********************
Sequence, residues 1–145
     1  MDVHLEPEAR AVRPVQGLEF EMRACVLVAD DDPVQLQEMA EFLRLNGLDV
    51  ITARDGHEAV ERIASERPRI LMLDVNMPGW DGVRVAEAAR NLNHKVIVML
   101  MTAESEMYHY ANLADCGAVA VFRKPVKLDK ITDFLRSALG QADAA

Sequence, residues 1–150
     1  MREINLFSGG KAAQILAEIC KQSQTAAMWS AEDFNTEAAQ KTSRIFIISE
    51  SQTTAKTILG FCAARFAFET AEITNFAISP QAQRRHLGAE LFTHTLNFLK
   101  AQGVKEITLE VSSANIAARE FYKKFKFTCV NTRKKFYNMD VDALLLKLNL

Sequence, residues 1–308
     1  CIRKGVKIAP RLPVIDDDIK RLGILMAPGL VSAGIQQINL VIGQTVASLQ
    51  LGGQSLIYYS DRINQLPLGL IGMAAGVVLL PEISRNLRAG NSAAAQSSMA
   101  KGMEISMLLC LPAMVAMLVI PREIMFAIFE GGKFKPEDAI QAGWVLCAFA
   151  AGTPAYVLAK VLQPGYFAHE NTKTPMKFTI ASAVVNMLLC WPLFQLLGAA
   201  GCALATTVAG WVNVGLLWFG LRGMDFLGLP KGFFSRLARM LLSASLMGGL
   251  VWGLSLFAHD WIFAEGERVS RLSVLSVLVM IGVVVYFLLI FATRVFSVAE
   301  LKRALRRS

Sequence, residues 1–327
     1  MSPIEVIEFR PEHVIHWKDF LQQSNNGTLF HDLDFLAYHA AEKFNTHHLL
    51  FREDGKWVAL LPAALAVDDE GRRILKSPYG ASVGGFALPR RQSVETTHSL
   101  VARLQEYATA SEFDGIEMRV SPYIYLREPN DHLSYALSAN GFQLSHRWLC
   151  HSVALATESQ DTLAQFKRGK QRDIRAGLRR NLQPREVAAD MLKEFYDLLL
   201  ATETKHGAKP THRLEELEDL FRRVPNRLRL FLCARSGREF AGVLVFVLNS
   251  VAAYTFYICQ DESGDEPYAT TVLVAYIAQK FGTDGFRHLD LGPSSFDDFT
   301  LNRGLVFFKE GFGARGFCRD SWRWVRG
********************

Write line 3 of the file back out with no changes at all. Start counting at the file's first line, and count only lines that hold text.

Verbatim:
    51  ITARDGHEAV ERIASERPRI LMLDVNMPGW DGVRVAEAAR NLNHKVIVML